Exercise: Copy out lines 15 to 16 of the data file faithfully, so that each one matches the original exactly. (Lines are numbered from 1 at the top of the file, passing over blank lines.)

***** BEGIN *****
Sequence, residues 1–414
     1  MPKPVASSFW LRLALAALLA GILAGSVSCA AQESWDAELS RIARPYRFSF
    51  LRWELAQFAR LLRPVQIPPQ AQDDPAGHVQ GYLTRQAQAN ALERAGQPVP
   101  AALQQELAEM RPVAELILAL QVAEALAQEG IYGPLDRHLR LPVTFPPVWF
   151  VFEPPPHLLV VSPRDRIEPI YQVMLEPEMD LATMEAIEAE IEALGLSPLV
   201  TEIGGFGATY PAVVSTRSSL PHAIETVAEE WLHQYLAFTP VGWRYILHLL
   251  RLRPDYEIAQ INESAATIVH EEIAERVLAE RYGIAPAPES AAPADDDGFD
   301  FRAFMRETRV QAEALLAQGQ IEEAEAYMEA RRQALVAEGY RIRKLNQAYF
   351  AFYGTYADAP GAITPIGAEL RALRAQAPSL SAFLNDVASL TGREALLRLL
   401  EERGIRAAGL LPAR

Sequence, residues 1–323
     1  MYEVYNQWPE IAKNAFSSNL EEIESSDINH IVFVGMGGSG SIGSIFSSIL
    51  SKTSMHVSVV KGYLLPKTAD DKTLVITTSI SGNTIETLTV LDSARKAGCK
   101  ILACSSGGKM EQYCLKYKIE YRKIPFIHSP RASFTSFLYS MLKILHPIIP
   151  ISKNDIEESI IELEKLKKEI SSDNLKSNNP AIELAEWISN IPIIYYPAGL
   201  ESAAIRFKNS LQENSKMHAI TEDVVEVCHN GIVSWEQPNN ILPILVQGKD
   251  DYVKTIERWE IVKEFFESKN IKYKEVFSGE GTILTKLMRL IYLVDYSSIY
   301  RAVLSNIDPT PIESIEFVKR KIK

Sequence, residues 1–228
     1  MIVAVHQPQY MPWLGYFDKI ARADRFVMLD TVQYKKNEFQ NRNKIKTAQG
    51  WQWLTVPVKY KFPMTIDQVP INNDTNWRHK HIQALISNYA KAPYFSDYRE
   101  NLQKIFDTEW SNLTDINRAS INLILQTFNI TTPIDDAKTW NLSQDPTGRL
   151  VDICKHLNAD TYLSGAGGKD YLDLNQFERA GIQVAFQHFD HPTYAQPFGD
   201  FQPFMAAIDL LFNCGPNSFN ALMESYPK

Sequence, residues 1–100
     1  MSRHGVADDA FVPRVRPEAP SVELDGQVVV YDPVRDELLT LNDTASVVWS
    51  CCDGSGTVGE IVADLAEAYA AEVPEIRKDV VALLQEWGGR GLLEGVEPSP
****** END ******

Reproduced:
   151  ISKNDIEESI IELEKLKKEI SSDNLKSNNP AIELAEWISN IPIIYYPAGL
   201  ESAAIRFKNS LQENSKMHAI TEDVVEVCHN GIVSWEQPNN ILPILVQGKD